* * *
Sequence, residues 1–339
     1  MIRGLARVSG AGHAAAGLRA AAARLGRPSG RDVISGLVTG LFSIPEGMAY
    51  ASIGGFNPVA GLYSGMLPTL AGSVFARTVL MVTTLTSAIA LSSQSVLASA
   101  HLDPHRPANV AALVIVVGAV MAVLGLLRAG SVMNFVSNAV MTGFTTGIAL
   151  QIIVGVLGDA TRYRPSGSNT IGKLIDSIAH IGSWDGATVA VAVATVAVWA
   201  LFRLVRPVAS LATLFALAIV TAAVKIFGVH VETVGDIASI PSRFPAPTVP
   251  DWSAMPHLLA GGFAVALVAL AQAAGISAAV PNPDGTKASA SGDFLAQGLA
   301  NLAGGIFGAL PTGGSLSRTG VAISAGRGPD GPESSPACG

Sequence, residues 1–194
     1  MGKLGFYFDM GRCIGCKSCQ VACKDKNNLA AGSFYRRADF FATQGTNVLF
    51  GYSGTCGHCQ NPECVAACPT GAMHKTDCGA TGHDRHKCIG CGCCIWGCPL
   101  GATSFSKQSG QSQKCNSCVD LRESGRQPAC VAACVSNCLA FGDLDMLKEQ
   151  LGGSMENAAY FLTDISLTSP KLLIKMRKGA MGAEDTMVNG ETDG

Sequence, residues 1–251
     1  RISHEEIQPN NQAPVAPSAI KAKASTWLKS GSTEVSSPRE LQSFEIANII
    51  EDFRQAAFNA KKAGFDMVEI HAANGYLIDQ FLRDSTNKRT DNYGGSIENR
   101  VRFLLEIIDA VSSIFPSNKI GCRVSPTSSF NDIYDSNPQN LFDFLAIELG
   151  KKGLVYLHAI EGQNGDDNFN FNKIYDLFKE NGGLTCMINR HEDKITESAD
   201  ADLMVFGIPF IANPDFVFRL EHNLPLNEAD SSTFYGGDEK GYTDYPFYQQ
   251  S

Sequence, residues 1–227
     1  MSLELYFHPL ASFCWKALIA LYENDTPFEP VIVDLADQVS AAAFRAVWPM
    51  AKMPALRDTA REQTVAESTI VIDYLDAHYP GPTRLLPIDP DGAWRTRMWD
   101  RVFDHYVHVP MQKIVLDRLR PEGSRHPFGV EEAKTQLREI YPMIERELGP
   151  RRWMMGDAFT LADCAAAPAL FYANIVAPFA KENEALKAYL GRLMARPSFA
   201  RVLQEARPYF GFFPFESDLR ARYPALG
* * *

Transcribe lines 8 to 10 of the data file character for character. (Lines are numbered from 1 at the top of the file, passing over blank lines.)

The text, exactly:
   301  NLAGGIFGAL PTGGSLSRTG VAISAGRGPD GPESSPACG

Sequence, residues 1–194
     1  MGKLGFYFDM GRCIGCKSCQ VACKDKNNLA AGSFYRRADF FATQGTNVLF